Year One of the Empire: Why We Wrote a Play About the Spanish-American WarCulture Watch
Year One of the Empire, a documentary drama written by Elinor Fuchs and Joyce Antler, about the “splendid” little war with Spain in 1898 and the horrific Philippine-American War that followed, has its New York City premiere Feb. 29 – March 30 at the Metropolitan Playhouse in Manhattan’s East Village. The play chronicles the moment when America literally became an empire and the “American Century” began: after the war with Spain, the U.S. annexed the Philippine Islands, leading to a terrible military conflict that cost the lives of more than four thousand American soldiers, 50,000 Filipino combatants, and upwards of 250,000 Filipino civilian deaths from war-related disease and famine. The anti-imperialists pointed to another kind of loss: America had “thrown away its ancient principles,” as William James put it, “and joined the common pack of wolves.”
Year One of the Empire, which takes its title from an editorial in the Nation in 1900, was published in book form by Houghton Mifflin in 1973; its full title is Year One of the Empire: A Play of Politics, War and Protest taken from the historical record. The book includes 50 pages of Notes and Sources; a chronology, and biographies of over 40 named characters. Year One was performed at the Odyssey Theatre Ensemble in Los Angeles in 1980, where it won the Drama-Logue Critics’ award for Outstanding Achievement in Theatre for Playwriting.
While the Vietnam parallels sparked the authors’ original interest in the Philippine War, now the parallels with the Iraq War have made the play contemporary once again. The New York Times calls the current production at the Metropolitan Playhouse “enlightening, entertaining .. engrossing.” It is “rousing drama,” according to nytheatre.com, “the best kind of documentary theatre, keeping us compelled and engaged throughout and providing lots of food for thought for afterwards.”
Below the authors describe their reasons for writing the play and for choosing the documentary form. For further information and a performance schedule, click here.
YEAR ONE OF THE EMPIRE came out of the discovery of a little-known chapter in American history, the three-year war fought by the United States in the Philippine Islands from 1899 to 1902. In 1967, when we began our research, there was almost no historical material about this war. We two authors were not yet the theater scholar and historian we later became, but were young Americans living through the national anguish of Vietnam. We wanted to say something about the history of our own time through the medium of theater. As we followed clues in our reading about the Philippine “insurrection,” we realized that Vietnam was not unique in American history. The more we learned, the more the two conflicts, in the Philippines, and in Vietnam, revealed startling similarities: the difficulty of fighting a war in a terrain so alien to our own; the confusion of confronting an enemy that could melt into the general populace; the frustration of capturing a town only to see it return to hostile guerilla forces as soon as we withdrew; the official assurances of speedy victory followed by additional troop deployments; a revolving door of military leaders and tactics without improvement on the ground; the devastation wreaked on the civilian population; and, perhaps most shamefully, the resort to a policy of waterboarding and other torture by our own military as the bewildering resistance dragged on. We decided to make this first American war of the twentieth century the subject of our play, and to shape it entirely from documentary sources.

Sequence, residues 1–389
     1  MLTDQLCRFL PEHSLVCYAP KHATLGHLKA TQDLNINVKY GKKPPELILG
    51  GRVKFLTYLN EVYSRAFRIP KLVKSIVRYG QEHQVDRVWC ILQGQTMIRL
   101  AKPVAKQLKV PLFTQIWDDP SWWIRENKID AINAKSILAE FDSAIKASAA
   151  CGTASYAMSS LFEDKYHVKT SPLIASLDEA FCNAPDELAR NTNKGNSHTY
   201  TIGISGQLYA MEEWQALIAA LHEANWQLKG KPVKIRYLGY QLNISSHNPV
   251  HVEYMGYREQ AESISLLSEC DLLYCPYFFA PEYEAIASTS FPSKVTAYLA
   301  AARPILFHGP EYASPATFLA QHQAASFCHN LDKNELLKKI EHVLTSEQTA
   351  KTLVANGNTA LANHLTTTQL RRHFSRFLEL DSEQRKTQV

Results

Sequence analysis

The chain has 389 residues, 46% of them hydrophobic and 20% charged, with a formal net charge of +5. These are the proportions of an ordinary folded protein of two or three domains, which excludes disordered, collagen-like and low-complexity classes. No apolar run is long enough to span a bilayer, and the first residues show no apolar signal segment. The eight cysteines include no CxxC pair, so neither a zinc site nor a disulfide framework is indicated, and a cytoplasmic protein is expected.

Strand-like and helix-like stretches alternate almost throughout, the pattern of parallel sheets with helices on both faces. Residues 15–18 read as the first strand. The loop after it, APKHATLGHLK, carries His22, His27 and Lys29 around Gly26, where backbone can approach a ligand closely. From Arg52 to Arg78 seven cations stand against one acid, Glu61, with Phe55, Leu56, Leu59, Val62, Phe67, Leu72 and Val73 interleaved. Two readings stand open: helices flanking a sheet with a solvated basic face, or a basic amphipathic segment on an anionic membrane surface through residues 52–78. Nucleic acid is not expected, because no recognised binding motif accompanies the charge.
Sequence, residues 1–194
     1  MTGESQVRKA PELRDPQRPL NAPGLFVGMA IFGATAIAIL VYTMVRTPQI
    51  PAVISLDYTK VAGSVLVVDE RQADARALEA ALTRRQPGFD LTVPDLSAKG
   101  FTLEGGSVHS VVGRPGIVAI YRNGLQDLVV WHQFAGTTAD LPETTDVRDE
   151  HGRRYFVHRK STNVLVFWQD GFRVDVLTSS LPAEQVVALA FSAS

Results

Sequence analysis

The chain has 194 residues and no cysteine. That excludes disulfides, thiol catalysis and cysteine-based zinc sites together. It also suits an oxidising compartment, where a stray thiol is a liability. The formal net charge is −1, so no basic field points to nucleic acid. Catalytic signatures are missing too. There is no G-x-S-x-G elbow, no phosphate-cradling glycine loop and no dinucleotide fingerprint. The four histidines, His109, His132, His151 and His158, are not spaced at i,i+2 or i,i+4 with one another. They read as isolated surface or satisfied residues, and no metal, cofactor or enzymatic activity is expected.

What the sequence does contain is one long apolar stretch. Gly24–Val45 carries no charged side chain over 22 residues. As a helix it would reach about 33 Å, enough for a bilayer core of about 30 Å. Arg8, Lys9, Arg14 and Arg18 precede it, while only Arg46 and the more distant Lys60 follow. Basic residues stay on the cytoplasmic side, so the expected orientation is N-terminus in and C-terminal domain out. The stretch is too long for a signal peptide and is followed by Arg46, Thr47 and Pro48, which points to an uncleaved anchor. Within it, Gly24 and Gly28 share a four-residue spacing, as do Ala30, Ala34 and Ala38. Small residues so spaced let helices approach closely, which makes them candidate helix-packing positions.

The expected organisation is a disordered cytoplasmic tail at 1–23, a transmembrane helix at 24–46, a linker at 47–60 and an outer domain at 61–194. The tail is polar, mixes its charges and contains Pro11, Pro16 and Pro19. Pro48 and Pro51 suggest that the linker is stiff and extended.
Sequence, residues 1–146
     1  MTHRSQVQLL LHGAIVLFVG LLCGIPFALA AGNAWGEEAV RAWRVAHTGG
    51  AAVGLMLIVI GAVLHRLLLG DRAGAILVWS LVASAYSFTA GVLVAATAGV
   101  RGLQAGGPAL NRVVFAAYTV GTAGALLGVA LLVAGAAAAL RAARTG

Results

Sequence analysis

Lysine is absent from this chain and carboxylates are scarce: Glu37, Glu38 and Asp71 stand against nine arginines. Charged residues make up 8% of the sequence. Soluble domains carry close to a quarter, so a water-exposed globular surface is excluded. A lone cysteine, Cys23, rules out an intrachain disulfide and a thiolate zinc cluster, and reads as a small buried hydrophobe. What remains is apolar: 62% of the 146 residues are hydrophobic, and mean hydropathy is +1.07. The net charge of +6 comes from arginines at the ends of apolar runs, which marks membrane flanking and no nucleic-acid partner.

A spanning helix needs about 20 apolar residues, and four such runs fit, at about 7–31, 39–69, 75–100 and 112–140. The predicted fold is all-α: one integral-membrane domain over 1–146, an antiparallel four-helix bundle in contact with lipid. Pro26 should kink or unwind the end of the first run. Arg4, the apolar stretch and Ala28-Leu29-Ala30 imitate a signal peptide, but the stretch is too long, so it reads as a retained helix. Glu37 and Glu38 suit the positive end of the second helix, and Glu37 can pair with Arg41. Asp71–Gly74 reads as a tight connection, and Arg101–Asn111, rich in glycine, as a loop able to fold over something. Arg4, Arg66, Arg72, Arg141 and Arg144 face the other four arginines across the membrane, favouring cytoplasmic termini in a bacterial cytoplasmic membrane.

Our text is composed entirely from the historical record, culled from the widest array of archival materials: press reports, Senate debates and hearings, court-martial transcripts, personal correspondence and autobiographies, popular humor, army marching songs, political pamphlets, and more. Our writing consisted of a kind of “film editing,” in which we looked for attractions, contradictions, and conversations among our hundreds of pages of historical notes. Although we create dramatic settings for these documents–for instance an exchange of letters might become a telephone call or a face-to-face meeting–every dramatic scene corresponds to a real historical event.
We have been asked why we wrote a play and not an historical narrative. We made the play with the conviction that theater is an ideal medium through which to capture the myriad individual choices that comprise “history.” We wanted to convey the experience of the intentions, appetites, arguments, fantasies, bargains, accidents, and blunders that combine to become the historical record, in effect, a national “fate.” The documentary form allowed us to present all these contingencies in a fully realized, multi-dimensional form that conveys the plots, machinations, ideals and disappointments of dozens of characters simultaneously. It permits us to stage several overlapping historical narratives and relevant footnotes, all at once.
This particular story, a turning point in modern American history that has still to this day not impressed itself on the wider American consciousness, seemed to us inherently theatrical not only in the sense of providing entertaining figures and dramatic events, but in demanding a certain kind of public witnessing. American theater has virtually no conception of public dialogue, no space to consider our broadest concerns as Americans. In the deepest sense, ours is a theater of private enterprise: its economic base and its prevailing subject have a common identity. But with this play we imagined a theater that could use the simple commonality of attending a play, of being an audience, as a platform from which to take account of our shared history as citizens. The documentary form seemed to us the ideal basis for such a theater.
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